What Has Happened to the Philadelphia Eagles? Part 1

Updated: Jan 13


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By: Dalton Rice


After defeating the New England Patriots in Super Bowl LII just three seasons ago, the Eagles have sunk to the bottom of the NFL barrel. Ever since Carson Wentz tore up his knee at the end of what should have been an MVP season, both Wentz and the team have plummeted to a Jets-esque level of poor play. Within the organization, there have been many questionable moves made by coaches and GM’s that have truly held the team back. Almost instantly after winning the franchises’ first ever Super Bowl, the Eagles roster underwent inefficient and purely poor construction. Aging veterans were retained and the Eagle’s appalling scouting was exposed to the football world. Let’s see what went wrong.


The 2017 season was truly a magical one for Eagles fans, like myself. After finishing the regular season with a 13-3 record, the Eagles, led by eventual Super Bowl MVP Nick Foles, fought hard throughout the playoffs, defeating the Atlanta Falcons, Minnesota Vikings and finally the Patriots in the Super Bowl. Regardless of how banged up the team was, the Eagles underdog mentality proved to be the winning recipe. For a team that was picked as underdogs in every playoff game, the Super Bowl victory tasted a bit sweeter. Primed for a great season in 2018, the Eagles kept many familiar names on the squad, hoping for a repeat of the prior year.


After finishing the year 9-7, the birds beat the Chicago Bears in the Wild Card thanks to Cody Parkey’s “Double Doink” field-goal and then headed to New Orleans for the Divisional Round to take on the first-place, 13-3 Saints. Led by three Pro-Bowlers on offense in Drew Brees, Alvin Kamara and Michael Thomas (1st Team All-Pro as well), the Saints were picked to put a beat-down on the Eagles who had just barely slipped into the playoffs and past a bad Bears team the previous week. Philly kept it close, but a bad drop by Alshon Jeffery in the final minutes buried the Eagles and sent them packing.

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With a glaring need to upgrade the team via the draft and free agency, the 2018 offseason was an important one for the Eagles. The winter/fall downtime ended up being anything but exciting for the Eagles front office. Many players walked and the team added a few washed-up players like Mike Wallace, Michael Bennett, Haloti Ngata and Darren Sproles (re-signed). A tight cap situation did not allow for much, but the draft was still something to look forward to, given the deep draft class that many predicted. Yet again, General Manager Howie Roseman disappointed the Eagles fandom by trading away multiple picks and drafting low-graded players with the picks they kept. Famously, the Eagles traded the 32nd pick to the Baltimore Ravens who took college football’s Heisman Trophy Winner and future league MVP, Lamar Jackson with the pick. The only notable player the Eagles took in the 2018 draft was Dallas Goedert from South Dakota State University, who has played decently in his TE2 role so far.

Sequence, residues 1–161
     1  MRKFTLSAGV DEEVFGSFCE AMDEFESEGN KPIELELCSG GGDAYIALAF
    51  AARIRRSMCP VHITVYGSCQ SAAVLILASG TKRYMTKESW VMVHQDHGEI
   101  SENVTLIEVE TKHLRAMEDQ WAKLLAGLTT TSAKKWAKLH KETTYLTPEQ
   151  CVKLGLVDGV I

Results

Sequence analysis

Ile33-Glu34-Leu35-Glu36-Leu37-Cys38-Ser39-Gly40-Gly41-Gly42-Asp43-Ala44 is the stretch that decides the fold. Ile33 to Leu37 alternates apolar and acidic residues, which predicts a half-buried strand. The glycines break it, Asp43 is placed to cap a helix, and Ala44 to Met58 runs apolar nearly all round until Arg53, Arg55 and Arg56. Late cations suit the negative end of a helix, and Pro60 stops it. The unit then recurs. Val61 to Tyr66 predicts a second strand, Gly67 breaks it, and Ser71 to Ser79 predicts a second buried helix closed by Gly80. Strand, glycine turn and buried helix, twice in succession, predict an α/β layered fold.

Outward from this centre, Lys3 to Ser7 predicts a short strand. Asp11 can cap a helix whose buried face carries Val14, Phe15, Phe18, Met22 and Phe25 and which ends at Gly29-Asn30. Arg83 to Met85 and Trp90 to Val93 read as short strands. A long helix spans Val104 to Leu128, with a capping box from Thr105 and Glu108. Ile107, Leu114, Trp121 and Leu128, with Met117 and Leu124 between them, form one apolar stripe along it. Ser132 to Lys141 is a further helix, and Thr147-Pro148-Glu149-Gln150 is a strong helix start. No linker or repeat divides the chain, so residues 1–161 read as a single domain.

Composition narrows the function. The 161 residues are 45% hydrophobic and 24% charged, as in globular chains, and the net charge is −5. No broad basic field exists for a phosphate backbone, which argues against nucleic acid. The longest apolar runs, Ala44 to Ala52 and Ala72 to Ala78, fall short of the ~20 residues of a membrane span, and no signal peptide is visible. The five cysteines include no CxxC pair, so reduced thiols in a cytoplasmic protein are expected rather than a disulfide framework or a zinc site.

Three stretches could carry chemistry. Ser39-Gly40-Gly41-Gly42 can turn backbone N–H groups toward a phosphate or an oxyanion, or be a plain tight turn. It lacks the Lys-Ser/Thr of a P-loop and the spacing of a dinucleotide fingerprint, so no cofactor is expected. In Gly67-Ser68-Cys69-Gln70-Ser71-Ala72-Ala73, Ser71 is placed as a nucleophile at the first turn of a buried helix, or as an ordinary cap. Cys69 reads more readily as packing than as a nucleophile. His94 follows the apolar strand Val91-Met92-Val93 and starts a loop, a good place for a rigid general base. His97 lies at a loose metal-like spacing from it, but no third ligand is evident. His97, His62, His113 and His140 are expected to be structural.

Heading into the next season, the Eagles roster looked to be locked and loaded for another playoff push. Carson Wentz was healthy and had no real competition after Nick Foles went to Jacksonville, second-round rookie Miles Sanders was looking to prove himself in the NFL, the veteran wide-receiver room seemed prime to support their franchise QB and the shaky on-paper defense looked to be one of the best in the league. The 2019 season quickly became one to forget as the team suffered many injuries on both sides of the ball that plagued the team down the stretch. Of the 19 skill-position players (QB, RB, WR, TE) who appeared in games, only three of them played in all 16 games, one of them being JJ Arcega-Whiteside, possibly the Eagles biggest draft busts in recent memory. On defense, 35 players appeared in at least one game, only 9 of them played in all 16. Famously, Carson Wentz passed for over 4,000 yards without a single WR who recorded over 500 receiving yards, only the tight ends Zach Ertz (916) and Dallas Goedert (607) were able to break the 500-yard mark. Through all of the injuries and the “practice squad” depth chart, the Philadelphia Eagles finished with a 9-7 record and somehow won the NFC East. In the Wild Card round, the Eagles matched up with the Seattle Seahawks who finished with a 12-4 record. Many expected a Seahawks blowout victory due to the fact that their roster was noticeably stronger and healthier. The matchup that all were excited to see was DK Metcalf versus the Eagles secondary. Metcalf was taken in the second round, seven picks after the Eagles selected JJ Arcega-Whiteside with the 57th pick, Metcalf finished the season with 911 total yards and 7 touchdowns while Arcega-Whiteside only caught 10 passes on 22 targets, along with 169 receiving yards and only one touchdown.

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The Seahawks prevailed slipped past the Eagles by the score of 17-9 after Carson Wentz was knocked out early thanks to a dirty hit, forcing 40 year-old, career backup Josh McCown to play-out the rest of the game even after tearing his left hamstring right off the bone before halftime. The game was very low scoring, which presented the Eagles with multiple chances to catch up, but the birds were not able to get the ball in the endzone. What came in the next offseason was yet another instance of poor financial and talent management. While the Eagles young draftees still have time to develop, the microscope should still be held over the decision makers at Lincoln Financial Field.